I recently joined a group at my church called Be the Bridge, a gathering of people from various racial and ethnic backgrounds coming together simply to process race within the church. Started by Latasha Morrison, Be the Bridge works to create people who press on “towards fostering and developing vision, skills and heart for racial unity.”
The first week that we met, I cried while introducing my story as a Potawatomi Christian, because I don’t often have safe spaces in which to share my story. It’s one thing to write about it, but it’s another thing to talk openly about the struggle. It was like a group therapy session, people from different backgrounds sharing their racial experiences with one another.
In another small group setting, someone brought up Lent, asking what we’re prepared to give up (or pick up) this Lenten season. I hesitated.
Because so much of my journey as a Potawatomi woman and a Christian feels like a strange wilderness (you can read more about it here), Lent is just an extension of that. I could give up chocolate or sugar, but I feel like there’s something more here, something else that’s asking to be paid attention to.
So, I have a different idea for this Lent.
What if we decided to look our habits in the face this Lent? And I’m not talking about the way we eat or how often we watch television.
It’s more subtle than this.
I’m talking about our institutional habits that have been crafted over the years, systemic habits that have pitted humans against other humans, humans against the earth.
Habits such as racism, ableism, stereotyping, hatred, bigotry, misogyny, patriarchy, white supremacy, or damaging religious rhetoric are the things I’m talking about.
If you grew up in religious settings that told you what to believe and how, no questions asked, you know that day after day, those beliefs become habits, and after a while, it’s terribly difficult to break them.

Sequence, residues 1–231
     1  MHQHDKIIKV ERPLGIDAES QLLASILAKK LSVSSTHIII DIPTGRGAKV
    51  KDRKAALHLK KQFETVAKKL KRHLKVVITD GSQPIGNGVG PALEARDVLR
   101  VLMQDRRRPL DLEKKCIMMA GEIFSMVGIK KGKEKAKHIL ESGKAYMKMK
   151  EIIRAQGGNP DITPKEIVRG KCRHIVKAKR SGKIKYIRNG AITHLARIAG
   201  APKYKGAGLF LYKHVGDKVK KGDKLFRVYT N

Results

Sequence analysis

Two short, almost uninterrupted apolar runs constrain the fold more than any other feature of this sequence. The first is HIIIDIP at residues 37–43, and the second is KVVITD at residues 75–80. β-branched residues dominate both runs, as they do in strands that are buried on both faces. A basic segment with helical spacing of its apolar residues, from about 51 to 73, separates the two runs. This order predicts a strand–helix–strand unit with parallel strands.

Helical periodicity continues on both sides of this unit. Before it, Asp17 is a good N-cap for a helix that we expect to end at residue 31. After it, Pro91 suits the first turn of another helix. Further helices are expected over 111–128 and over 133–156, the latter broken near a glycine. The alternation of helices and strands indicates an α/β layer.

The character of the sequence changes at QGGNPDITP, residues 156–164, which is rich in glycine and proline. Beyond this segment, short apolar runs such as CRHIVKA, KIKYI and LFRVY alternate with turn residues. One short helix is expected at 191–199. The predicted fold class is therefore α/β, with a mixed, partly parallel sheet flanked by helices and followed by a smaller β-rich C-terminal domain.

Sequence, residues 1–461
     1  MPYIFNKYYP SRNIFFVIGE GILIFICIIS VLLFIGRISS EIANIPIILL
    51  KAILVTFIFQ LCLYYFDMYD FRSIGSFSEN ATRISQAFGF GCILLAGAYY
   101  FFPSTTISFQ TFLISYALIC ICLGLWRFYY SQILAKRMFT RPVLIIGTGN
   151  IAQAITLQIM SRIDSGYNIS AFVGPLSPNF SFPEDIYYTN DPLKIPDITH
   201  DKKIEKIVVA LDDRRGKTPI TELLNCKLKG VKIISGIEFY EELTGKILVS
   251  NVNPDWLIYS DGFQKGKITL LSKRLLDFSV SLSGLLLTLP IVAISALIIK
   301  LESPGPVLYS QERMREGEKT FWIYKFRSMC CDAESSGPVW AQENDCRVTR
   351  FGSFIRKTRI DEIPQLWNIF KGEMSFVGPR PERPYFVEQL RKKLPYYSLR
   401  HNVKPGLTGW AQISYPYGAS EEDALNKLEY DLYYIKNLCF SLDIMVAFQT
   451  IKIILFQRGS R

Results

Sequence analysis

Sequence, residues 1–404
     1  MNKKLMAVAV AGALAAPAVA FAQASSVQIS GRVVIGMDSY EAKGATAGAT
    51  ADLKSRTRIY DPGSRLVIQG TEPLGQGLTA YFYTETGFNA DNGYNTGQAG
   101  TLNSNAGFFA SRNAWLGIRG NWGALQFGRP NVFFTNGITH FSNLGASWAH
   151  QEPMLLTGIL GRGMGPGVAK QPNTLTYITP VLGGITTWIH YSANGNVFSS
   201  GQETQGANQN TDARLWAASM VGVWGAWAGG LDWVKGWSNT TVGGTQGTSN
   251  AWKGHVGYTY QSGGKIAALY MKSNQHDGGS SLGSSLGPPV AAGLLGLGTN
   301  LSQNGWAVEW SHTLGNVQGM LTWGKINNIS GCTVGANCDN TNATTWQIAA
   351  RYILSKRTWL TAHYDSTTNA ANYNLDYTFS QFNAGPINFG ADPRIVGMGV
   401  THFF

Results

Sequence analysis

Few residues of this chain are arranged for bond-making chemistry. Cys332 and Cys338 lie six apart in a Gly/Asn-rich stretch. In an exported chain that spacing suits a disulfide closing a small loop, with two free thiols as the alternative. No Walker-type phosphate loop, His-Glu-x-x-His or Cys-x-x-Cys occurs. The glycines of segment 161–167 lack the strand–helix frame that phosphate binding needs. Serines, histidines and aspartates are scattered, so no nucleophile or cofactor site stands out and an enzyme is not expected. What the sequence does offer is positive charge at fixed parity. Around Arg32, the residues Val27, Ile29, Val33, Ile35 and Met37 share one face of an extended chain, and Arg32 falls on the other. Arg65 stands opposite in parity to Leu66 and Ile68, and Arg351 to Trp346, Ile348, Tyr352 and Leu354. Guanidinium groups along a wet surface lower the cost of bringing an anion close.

As the old saying goes, old habits die hard.
And that’s what Lent is about, when we’re faced with a wilderness experience that asks us to look beyond our skin and bones and see what lies there, deep inside.
So this Lent, I’m asking us to look at what’s underneath. I’m asking us to check into the subtleties of damaging habits and mindsets, ones that have been brought to the surface of America’s landscape lately.
I’m asking us to sit in the wilderness with Jesus as we ask how we got here and where we are going.
I’m asking us to have really difficult conversations.
One of these subtleties happened for me recently when I was asked, not for the first time, “So how far back?” How far back does your Indian blood go?
As my husband lovingly and passionately pointed out later, I could have simply said, “Me. I am an enrolled member of my tribe, and so you don’t need to ask that question. It’s me.” But in the moment, I freeze over these kinds of questions. I explain who my ancestors were. I explain that I am on the tribal rolls of my tribe, that I can trace my people back to the Great Lakes Region of the United States before the Trail of Death.
But you see, that’s not the answer people are looking for. Because we are trained to ask for a blood quantum. We’re trained to say, “So, your native blood is running out, right? How native are you, really?”
It’s the subtle things, right?
This Lent, we’re not going to decolonize or deconstruct every part of ourselves for good.
But we can begin to break some of those habits and recognize that the things we’ve been institutionally taught have fostered attitudes of racism, hatred and misogyny in America, and in our schools and churches.
So this Lent, I intend to keep my mind alert.
I intend to face my own racism, whether it’s against my African American brother or the white woman who asks how Indian I am.
I intend to watch the women in the church around me, to speak words of empowerment over them in the face of constant misogyny and patriarchy.
I intend to watch how I interact with my brothers and sisters with disabilities, how I pay attention to their needs and battle stereotypes that are set up against them.
I intend to have conversations with my Jewish and Muslim brothers and sisters, to learn from them, their histories and stories, their experiences in America.